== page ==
At one point, Karen’s grandma became so desperate for her to stay in school that she promised Karen a brand-new BMW 325 convertible if she got her high school diploma. Karen actually responded to this, and for 8-10 weeks she stayed in school, actually went to class, kept her partying to a minimum, and generally seemed to have her shit together. So much so that her grandma allowed one of her Pensacola friends – let’s call her “Jennifer” – to come for a visit.

Jennifer was one of the most “inadvertently awful” people I’ve ever met. She didn’t mean to be terrible, she just was. I drove Karen and Jennifer to a party one night, and Jennifer passed out drunk on the way home and put two giant cigarette burns in my backseat (oh, and my car had less than 1,000 miles on it at the time). A couple days later they went to a party at another friend’s house. This friend only had one rule: her mom treasured this 200+ year old Persian rug. DO NOT GET ANYTHING ON THE RUG! Jennifer puked on it. A couple days after that, Jennifer was introduced to someone in my social circle and was like “Oh, Stacey! You’re the one who had to get an abortion ‘cos she was raped by her uncle, right?”

Jennifer (thankfully) went back to Pensacola, and I eventually lost track of Karen ‘cos of her many moves.

* * *

A couple years later I was at work, listening to local consumer expert Clark Howard on my headphones. He mentioned that US Air was going to run an unprecedented sale: $298 round-trip flights from Atlanta to Frankfurt! I called a bunch of friends and actually found one who: a) had a passport; b) had the money; and c) was excited as hell to go.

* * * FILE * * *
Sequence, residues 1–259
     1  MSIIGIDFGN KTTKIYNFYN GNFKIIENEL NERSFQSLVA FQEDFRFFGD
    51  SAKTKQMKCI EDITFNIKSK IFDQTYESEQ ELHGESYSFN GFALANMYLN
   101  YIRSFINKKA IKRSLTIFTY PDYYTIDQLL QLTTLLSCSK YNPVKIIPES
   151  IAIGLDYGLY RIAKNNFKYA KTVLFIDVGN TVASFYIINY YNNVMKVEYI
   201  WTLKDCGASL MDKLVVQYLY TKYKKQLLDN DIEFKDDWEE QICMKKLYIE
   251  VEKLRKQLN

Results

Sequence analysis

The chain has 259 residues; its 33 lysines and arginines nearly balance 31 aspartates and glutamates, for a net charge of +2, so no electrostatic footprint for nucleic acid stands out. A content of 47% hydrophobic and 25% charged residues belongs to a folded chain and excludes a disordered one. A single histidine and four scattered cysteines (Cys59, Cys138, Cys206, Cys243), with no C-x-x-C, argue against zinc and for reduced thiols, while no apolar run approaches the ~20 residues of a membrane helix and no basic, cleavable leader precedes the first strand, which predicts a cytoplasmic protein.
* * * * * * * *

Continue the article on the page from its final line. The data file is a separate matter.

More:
We didn’t do much in the way of trip planning. I got us a rental car and hotel room for the first night… and that was it. My Let’s Go guidebook would take us the rest of the way. So we landed in Frankfurt, got the rental car and drove to Stuttgart, where the hotel was. We saw some sites, had a few beers and some laughs, and went back to the room.

The next day we explored Stuttgart in the morning, then decided to head to Munich around lunchtime. We got about halfway there – my friend was driving this leg – and he mentioned that we didn’t have any accommodations yet. I got out the Let’s Go and went through a list of hostels and pensions in Munich; we agreed on one place because Let’s Go said it was “the preferred stop for aspiring young models”.

So we arrived at the pension and got a room. It was around 6PM by this point – it wasn’t “late”, but it was a snowy, rainy December day and the sun had gone down a couple hours before. So it felt a lot later than it was. My friend and I ate at a nearby restaurant, hit a bar next door for a couple hours, then came back to the room and crashed.